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    ABSTRACT: Tight junctions are structures located in the apicobasal region of the cell membranes. They regulate paracellular solute and electrical permeability of cell layers. Additionally, they influence cellular polarity, form a paracellular fence to molecules and pathogens and divide the cell membranes to apical and lateral compartments. Tight junctions adhere to the corresponding ones of neighbouring cells and by this way also mediate attachment of the cells to one other. Molecules forming the membranous part of tight junctions include occludin, claudins, tricellulin and junctional adhesion molecules. These molecules are attached to scaffolding proteins such as ZO-1, ZO-2 and ZO-3 through which signals are mediated to the cell interior. Expression of tight junction proteins, such as claudins, may be up- or downregulated in cancer and they are involved in EMT thus influencing tumor spread. Like in tumors of other sites, lung tumors show changes in the expression in tight junction proteins. In this review the significance of tight junctions and its proteins in lung cancer is discussed with a focus on the proteins forming the membranous part of these structures.
    International journal of clinical and experimental pathology 01/2012; 5(2):126-36. · 1.78 Impact Factor
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    • "Induction of claudin-5 by glucocorticoids has been described in rat brain microvessel endothelial cells (BMEC, GPNT), where addition of hydrocortisone to the cultures resulted in fewer frayed junctions and a more uniform distribution of claudin-5 at the cell borders as compared with cultures without hydrocortisone treatment [26] [44]. In human alveolar epithelial cells, as well as in HUVEC claudin-5 has been shown to be one of the major genes up-regulated during differentiation in culture [14] [45] [46]. Also expression of adherens proteins, such as E-cadherin or VE-cadherin was enhanced by glucocorticoids [47] [48]. "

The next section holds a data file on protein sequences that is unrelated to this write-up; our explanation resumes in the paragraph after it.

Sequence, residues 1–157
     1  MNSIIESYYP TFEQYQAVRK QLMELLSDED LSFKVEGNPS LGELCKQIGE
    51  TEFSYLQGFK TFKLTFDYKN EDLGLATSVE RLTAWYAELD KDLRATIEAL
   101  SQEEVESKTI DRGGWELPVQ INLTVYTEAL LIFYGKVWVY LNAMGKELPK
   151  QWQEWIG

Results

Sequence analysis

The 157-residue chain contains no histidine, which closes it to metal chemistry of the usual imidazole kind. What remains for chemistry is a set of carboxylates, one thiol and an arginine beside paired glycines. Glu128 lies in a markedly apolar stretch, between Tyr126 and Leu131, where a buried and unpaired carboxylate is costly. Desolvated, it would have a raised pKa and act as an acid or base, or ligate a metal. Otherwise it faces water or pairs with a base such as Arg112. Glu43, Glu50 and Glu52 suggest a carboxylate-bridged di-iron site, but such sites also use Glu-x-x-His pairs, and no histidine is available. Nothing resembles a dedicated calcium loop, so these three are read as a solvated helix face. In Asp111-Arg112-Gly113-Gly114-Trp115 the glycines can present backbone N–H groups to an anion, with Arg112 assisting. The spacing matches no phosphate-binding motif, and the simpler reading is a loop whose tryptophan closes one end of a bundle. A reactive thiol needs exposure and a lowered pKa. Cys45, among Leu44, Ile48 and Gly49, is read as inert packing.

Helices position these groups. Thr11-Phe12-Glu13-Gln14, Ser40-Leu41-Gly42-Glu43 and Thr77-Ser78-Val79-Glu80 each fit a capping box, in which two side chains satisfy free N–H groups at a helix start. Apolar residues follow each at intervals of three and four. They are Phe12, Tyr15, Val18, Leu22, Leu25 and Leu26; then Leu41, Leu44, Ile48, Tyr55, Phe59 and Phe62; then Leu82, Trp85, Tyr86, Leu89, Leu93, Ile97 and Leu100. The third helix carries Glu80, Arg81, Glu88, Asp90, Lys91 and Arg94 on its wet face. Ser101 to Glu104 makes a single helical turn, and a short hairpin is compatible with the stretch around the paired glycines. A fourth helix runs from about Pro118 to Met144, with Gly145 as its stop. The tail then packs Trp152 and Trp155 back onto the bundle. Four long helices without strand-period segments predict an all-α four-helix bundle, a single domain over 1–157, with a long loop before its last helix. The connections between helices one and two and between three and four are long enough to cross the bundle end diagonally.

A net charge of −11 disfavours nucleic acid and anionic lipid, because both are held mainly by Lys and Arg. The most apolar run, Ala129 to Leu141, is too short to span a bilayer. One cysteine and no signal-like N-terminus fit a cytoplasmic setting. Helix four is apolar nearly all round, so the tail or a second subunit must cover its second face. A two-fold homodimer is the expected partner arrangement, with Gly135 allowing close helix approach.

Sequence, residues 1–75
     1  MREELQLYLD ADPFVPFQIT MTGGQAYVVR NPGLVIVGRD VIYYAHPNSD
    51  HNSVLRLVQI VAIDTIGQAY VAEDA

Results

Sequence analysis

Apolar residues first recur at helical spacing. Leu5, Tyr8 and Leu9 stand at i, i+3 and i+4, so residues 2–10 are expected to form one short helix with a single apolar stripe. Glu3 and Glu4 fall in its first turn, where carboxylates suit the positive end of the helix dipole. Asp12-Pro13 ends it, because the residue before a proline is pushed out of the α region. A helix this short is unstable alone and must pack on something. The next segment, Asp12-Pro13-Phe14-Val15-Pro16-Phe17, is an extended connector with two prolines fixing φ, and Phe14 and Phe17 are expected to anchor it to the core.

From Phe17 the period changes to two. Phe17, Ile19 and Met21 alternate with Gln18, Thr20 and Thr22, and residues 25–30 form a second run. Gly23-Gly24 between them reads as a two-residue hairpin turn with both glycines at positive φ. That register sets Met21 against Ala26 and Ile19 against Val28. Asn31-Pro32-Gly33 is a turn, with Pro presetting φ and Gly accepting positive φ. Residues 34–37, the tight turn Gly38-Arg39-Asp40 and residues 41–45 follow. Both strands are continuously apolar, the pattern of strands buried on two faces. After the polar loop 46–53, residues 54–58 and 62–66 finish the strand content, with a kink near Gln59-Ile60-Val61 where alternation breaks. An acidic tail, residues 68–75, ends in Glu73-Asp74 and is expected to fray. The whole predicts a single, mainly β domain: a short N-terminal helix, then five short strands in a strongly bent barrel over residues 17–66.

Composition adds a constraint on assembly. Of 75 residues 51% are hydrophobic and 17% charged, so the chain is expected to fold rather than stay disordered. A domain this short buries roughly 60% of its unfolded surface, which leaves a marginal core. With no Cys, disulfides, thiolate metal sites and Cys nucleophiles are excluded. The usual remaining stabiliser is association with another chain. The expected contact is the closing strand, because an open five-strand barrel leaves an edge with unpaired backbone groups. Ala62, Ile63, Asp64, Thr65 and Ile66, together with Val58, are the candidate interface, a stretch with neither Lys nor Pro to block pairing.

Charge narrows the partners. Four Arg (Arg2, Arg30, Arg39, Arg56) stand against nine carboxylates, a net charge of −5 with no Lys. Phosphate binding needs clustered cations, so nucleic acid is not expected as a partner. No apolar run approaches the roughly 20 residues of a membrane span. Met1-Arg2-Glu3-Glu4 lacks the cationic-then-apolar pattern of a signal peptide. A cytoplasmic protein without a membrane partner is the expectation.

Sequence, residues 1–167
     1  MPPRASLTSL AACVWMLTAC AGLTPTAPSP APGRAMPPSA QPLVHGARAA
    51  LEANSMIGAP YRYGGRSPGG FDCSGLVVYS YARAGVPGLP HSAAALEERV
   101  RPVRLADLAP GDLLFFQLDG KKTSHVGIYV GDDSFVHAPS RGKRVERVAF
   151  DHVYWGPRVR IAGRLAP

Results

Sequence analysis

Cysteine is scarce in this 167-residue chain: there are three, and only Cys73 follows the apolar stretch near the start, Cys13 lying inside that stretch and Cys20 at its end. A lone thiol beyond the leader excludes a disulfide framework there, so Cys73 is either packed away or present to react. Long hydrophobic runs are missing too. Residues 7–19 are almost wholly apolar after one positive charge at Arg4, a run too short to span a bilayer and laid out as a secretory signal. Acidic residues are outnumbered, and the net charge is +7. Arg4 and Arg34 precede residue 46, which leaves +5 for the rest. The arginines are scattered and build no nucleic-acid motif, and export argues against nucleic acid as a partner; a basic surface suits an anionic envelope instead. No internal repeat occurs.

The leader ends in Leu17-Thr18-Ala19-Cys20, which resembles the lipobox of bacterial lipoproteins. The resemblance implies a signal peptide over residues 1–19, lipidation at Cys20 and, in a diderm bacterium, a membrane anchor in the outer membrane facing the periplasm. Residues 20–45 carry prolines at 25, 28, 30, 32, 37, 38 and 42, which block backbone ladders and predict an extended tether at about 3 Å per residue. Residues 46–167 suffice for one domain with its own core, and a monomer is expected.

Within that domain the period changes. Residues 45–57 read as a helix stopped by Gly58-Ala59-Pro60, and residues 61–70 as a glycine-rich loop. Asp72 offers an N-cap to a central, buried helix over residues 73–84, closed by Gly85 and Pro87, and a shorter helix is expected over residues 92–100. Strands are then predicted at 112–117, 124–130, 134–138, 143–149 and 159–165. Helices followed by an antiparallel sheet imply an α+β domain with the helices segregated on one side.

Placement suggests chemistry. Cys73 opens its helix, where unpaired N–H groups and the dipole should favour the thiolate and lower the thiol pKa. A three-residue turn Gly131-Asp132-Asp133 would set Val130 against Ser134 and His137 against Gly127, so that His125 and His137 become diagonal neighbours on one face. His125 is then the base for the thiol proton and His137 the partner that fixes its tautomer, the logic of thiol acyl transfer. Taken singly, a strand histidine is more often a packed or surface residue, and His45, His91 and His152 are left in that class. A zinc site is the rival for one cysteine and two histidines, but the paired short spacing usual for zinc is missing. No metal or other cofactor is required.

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    ABSTRACT: Claudin-5, an integral tight junction protein component, plays a critical role in permeability of the endothelial cell barrier. Recently, we have shown that claudin-5 protein is down-regulated by the proinflammatory cytokine TNF alpha and its levels restored by dexamethasone treatment. In order to investigate the regulation of claudin-5 at the transcriptional level, we have cloned the murine claudin-5 promoter. The claudin-5 promoter sequence (1131 bp) showed no consensus TATA-box. We identified putative transcription factor binding sites, including six full and two half sites degenerated glucocorticoid-response elements (GREs), two NFkappaB, three Sp1, one Sp2, one Ap2, as well as three E-boxes. Serially deleted promoter constructs showed high basal activity. TNF alpha significantly reduced the promoter activity and mRNA levels of claudin-5 in brain cEND and myocardial MyEND endothelial cells. Dexamethasone treatment led to a significant increase of the murine claudin-5 promoter activity and mRNA levels in cEND cells. However, no claudin-5 induction could be observed in MyEND cells in response to dexamethasone. Our studies suggest tissue-specific regulation of the claudin-5 gene via glucocorticoids and a high vulnerability of claudin-5 to TNF alpha. This could be an important mechanism in diseases accompanied by the release of proinflammatory cytokines, for example in patients with chronic heart failure or multiple sclerosis.